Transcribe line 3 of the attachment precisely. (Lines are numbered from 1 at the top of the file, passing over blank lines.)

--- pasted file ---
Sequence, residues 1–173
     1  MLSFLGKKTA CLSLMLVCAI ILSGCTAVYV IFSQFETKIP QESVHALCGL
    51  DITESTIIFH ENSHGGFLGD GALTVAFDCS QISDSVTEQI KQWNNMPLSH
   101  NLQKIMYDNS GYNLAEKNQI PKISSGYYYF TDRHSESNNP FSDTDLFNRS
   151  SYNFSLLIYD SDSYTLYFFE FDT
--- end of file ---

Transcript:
    51  DITESTIIFH ENSHGGFLGD GALTVAFDCS QISDSVTEQI KQWNNMPLSH